Mary-Esther Sloat is a woman with a patchwork past: three failed marriages, misspent youth, and a series of dead-end jobs. When she attempts to donate a kidney to her dying mother, she learns a life-altering truth: Loretta Boudreau Day is not her biological mother. After Loretta dies, Hurricane Katrina destroys Mary-Esther's only tie to New Orleans: her beloved Nana's house.
For a while, Mary-Esther lives in a battered Chevy van. Armed with a faded birth certificate, she finally corrals the courage to unravel the mystery of her birth at a small hospital in the panhandle of Florida. When she finds the site of the hospital, she is dismayed to learn it now houses the Gadsden County Sheriff's office. Sergeant Jerry Blount befriends Mary-Esther and helps her locate a retired nurse who once worked at the small hospital. After meeting with the senior in a nearby assisted-living facility, Mary-Esther visits the county courthouse to research records for children born on the same date. She discovers a baby girl with a similar last name, Sarah Davis of Chattahoochee, a small town in the same county.
Hattie Davis Lewis lives with her husband Holston and adopted child Sarah Chuntian Lewis in the old family homestead three miles south of Chattahoochee. She often thinks of her older sister, a child also named Sarah who died shortly after birth. Hattie's older brother Bobby Davis, his wife, and son live nearby on the family land. Bobby battles his own demons that threaten his hard-won sobriety.
Mary-Esther camps out in her van at a lake near Chattahoochee, hesitant at first to confront the family she suspects to be her own. Instead of welcoming arms, Mary-Esther finds a clannish community and a brother determined to keep her from claiming her birthright.
How can she blend the person she believed she was with the person she never had the chance to be?
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Separated at birth
For me this is a story of transformation, or perhaps resurrection in a personal sense. It does not happen over night. Adjustments, change, accepting the past for what it was and living in the present come with struggle, set backs and lots of compassionate help. This book includes all of those and more.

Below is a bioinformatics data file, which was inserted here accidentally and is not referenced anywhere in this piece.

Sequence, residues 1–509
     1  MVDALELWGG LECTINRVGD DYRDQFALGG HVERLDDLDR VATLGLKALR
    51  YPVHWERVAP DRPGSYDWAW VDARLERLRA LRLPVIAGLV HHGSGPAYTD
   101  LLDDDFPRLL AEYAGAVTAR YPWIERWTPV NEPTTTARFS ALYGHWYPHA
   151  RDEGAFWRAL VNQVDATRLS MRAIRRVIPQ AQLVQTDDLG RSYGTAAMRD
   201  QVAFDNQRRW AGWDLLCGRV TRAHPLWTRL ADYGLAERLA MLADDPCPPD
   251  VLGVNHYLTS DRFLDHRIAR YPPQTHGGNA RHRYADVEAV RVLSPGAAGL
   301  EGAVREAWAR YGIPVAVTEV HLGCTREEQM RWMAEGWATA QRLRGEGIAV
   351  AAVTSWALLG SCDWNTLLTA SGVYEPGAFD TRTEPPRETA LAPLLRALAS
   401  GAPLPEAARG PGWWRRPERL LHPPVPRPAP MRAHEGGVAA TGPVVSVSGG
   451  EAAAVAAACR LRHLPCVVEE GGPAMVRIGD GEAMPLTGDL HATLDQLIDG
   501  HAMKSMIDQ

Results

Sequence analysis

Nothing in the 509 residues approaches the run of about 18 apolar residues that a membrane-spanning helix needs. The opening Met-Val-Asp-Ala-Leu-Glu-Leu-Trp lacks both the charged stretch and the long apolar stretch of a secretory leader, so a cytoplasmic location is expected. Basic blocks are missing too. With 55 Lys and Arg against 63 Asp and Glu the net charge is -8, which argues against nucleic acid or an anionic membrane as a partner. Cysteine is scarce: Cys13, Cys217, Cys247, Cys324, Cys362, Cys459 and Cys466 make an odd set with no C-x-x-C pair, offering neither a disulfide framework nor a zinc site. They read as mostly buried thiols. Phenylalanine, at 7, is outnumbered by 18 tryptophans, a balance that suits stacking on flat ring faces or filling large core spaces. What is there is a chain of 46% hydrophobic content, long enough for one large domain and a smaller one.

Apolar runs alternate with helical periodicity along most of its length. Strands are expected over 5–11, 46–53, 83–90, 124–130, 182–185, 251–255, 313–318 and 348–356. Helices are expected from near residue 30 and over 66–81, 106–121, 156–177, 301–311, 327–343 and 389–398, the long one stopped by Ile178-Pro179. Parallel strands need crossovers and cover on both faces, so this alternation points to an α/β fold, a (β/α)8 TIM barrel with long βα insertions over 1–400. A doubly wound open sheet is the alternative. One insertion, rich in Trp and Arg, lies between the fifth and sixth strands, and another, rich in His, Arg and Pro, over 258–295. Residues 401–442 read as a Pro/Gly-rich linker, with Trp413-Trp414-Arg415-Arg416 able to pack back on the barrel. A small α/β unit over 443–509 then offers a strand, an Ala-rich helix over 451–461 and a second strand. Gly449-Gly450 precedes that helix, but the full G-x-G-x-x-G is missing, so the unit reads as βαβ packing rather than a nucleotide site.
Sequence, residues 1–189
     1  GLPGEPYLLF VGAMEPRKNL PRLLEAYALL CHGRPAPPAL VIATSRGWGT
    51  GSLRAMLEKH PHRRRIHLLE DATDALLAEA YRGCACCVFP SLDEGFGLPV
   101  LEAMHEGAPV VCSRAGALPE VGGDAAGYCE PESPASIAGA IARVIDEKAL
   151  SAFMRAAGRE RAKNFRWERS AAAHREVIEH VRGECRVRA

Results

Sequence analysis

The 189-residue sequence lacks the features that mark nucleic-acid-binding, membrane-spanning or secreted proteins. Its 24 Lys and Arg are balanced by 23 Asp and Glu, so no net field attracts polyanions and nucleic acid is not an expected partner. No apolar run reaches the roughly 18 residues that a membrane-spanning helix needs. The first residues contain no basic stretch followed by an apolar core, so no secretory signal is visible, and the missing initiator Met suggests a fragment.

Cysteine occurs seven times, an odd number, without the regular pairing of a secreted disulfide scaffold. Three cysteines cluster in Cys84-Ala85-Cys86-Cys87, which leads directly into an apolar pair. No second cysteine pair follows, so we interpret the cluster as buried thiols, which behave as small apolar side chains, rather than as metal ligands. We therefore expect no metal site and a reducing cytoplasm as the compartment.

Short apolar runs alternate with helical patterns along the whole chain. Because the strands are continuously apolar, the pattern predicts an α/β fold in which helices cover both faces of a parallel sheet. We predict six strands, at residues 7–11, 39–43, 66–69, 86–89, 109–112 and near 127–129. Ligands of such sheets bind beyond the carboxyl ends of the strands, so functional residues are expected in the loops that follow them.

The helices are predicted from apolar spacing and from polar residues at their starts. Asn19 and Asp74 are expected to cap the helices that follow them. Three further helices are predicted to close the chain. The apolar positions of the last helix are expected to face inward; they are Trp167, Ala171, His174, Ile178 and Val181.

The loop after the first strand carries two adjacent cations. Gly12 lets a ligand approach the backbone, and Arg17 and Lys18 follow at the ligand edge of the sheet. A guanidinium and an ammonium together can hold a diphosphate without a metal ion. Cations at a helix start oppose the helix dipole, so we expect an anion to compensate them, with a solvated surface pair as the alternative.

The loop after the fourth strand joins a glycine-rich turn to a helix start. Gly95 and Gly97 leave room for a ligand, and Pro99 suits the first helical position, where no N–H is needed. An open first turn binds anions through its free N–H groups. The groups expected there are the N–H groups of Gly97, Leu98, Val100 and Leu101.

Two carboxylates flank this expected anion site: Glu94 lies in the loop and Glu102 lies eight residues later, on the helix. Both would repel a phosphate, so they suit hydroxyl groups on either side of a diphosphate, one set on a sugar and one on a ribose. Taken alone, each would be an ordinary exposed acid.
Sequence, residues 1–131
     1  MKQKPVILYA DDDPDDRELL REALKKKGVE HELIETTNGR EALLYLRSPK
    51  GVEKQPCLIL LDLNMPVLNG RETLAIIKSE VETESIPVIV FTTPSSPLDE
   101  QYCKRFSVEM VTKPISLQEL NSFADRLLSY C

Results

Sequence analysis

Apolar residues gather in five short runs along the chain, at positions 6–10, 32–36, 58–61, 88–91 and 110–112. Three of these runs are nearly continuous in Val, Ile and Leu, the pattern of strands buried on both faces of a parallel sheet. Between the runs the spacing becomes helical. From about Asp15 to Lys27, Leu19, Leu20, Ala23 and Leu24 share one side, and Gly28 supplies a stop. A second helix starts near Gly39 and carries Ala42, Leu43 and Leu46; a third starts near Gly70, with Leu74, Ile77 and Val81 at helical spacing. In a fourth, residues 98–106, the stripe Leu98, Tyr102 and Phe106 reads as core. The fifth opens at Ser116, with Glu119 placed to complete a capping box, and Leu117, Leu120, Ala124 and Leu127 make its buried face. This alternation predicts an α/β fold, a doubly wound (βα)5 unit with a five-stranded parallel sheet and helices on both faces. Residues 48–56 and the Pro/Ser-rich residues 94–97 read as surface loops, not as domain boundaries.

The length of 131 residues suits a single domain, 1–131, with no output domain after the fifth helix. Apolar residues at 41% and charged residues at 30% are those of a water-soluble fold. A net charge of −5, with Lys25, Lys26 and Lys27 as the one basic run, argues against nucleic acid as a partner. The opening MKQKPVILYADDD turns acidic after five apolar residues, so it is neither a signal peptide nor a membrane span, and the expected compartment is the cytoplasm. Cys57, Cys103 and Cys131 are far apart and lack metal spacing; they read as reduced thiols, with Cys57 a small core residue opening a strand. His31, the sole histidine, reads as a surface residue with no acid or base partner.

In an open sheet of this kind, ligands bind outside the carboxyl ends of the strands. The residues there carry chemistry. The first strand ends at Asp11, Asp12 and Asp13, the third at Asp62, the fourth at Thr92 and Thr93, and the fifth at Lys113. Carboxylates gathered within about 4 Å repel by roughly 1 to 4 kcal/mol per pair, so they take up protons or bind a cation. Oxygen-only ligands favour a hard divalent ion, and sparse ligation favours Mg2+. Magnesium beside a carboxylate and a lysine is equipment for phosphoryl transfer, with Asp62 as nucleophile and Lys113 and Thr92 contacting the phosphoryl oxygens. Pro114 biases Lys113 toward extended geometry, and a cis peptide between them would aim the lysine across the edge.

The story begins after Mary-Esther Sloat’s life crumbles around her. She has cared for the only family members she knew, her beloved grandmother and the woman she thought was her mother until they both die. Then the city of New Orleans is “ground to mud” in the catastrophic flood in the aftermath of hurricane Katrina. Adding to that she has married three times, each time ending in disaster. She is a homeless, shattered, broken down woman, now in her fifties with little energy for rebuilding a new life. She takes to the road with no particular destination in mind.
It is fall 2006 when the story opens. Mary-Esther has arrived in the small town of Chattahoochee, Florida. She has been living out of her car for over a year and is now running out of money. She is sleep deprived, filthy, and hungry. Out of curiosity, she has decided to try to find her biological family based on her birth certificate listing a hospital in Chattahoochee.
Full disclosure, I now live in this area and the descriptions of places I’ve come to know and the people in this area are spot on. I must add that the descriptions of food left my mouth watering. I also learned things about the area I did not know before. This undoubtedly added some to my enjoyment of the book. I am so grateful that this local author’s books are now being published on Audible. I did, however, get gypped because the Audible edition does not include a recipe the way the print and Kindle versions do.
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